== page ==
Scientists are now one step closer to developing anti-addiction medications, thanks to new research that provides a better understanding of the properties of the only member of the opioid receptor family whose activation counteracts the rewarding effects of addictive drugs.
Brain Awareness Week begins March 12th, and among many nationwide activities, NIH scientists will be teaching young people about the amazing human brain at the National Museum of Health and Medicine in Silver Spring, MD. While we think of Brain Awareness Week as an educational opportunity for children, it is a good time to remind us all about recent advances in neuroscience, and how brain research is helping us understand, prevent, and treat drug abuse and addiction.
The President’s Budget for FY13 has just been released and offers a timely opportunity to review NIDA’s funding priorities for the research we support. To best fulfill our public health mission to “lead the Nation in bringing the power of science to bear on drug abuse and addiction” requires that we focus on those areas likely to produce the greatest return on the public’s investment.
Presents current knowledge on a variety of addiction issues, including nicotine’s affects on brain function; inhalant abuse; genetically-based research and treatment; maternal tobacco use and its effects on children; and a behavior game for young children.
Features recent research on drug abuse and criminal justice, including interventions to promote successful re-entry, nutrition issues for HIV-infected drug abusers, and recovery-oriented systems of care.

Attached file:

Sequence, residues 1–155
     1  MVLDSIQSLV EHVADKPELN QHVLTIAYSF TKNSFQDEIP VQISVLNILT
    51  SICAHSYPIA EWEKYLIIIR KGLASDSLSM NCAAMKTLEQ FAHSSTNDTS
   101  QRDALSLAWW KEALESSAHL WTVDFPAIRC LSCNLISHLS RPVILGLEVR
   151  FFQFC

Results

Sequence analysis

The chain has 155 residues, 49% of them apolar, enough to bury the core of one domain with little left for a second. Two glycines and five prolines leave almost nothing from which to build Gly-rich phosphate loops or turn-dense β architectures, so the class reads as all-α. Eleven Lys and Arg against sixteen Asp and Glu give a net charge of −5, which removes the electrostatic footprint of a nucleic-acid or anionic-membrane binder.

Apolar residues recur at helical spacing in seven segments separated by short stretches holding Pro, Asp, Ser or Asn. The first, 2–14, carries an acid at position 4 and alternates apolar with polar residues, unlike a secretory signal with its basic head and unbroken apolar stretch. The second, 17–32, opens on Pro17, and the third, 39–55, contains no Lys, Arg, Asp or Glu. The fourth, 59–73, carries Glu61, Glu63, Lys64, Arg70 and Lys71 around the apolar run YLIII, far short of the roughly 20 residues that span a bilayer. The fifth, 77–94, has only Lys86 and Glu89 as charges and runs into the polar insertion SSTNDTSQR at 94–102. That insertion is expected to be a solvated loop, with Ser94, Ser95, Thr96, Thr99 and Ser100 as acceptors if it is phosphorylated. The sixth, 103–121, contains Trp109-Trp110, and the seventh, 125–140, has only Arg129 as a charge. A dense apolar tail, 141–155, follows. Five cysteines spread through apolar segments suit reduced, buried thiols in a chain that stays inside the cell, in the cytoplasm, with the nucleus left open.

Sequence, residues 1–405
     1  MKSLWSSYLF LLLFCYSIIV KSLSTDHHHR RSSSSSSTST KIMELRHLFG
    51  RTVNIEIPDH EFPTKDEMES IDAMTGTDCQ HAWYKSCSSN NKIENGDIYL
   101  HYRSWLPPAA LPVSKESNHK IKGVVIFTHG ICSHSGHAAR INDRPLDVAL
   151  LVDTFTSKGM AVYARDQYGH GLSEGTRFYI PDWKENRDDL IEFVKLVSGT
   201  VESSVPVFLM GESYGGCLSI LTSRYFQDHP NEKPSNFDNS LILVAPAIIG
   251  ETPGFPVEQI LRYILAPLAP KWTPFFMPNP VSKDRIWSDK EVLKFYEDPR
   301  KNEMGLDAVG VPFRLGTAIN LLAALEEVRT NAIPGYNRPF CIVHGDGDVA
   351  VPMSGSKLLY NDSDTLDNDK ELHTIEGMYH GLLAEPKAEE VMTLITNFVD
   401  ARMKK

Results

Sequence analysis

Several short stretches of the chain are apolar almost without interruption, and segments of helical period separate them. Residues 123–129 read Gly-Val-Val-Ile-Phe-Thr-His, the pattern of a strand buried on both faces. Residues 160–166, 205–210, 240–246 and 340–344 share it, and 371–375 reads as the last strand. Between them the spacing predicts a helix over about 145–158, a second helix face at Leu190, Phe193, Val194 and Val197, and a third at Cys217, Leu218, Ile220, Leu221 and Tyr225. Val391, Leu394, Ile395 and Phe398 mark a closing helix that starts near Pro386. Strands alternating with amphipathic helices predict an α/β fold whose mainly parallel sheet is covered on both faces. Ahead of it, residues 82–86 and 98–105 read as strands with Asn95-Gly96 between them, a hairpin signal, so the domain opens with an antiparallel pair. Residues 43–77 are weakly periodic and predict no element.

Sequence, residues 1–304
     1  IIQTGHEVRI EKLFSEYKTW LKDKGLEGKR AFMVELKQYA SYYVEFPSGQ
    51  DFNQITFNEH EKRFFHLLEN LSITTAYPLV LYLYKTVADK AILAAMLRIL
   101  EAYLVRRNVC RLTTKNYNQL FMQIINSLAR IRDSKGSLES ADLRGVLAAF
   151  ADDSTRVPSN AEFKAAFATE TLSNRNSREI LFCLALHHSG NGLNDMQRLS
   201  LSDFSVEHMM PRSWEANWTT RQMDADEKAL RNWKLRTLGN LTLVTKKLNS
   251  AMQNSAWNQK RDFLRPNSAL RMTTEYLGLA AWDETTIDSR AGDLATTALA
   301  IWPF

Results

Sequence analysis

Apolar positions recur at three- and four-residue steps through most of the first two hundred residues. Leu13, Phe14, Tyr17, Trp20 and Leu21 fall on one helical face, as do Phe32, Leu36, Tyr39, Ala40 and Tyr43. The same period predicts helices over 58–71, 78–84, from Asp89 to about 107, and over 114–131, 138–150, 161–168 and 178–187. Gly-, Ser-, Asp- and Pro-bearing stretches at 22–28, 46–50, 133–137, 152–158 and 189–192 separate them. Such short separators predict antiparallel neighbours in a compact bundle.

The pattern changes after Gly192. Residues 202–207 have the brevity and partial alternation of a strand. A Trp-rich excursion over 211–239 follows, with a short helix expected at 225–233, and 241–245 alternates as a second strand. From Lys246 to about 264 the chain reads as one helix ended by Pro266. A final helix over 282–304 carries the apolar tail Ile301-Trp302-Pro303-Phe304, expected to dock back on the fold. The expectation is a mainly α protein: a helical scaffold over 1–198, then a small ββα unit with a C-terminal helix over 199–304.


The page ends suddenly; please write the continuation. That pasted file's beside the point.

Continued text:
Reports on the cognitive effects of addiction, potential genetic influences, strategies for training counselors, cost evaluation of evidence-based treatments, and a trial underway on brief strategic family therapy.
Describes community systems that monitor the well-being of children and adolescents and lists recommendations that define the next steps for creating and mentoring effective community monitoring systems.
Explores the science behind such questions as what is addiction, why do people abuse drugs, and how does drug use change the brain, as well as research-based information about prevention, treatment, relapse, and HIV/AIDS.
The abuse of methamphetamine—a potent and highly addictive stimulant—remains an extremely serious problem in the United States. According to data from the 2012 National Survey on Drug Use and Health (NSDUH), over 12 million people (4.7 percent of the population) have tried methamphetamine at least once. NSDUH also reports that approximately 1.2 million people used methamphetamine in the year leading up to the survey.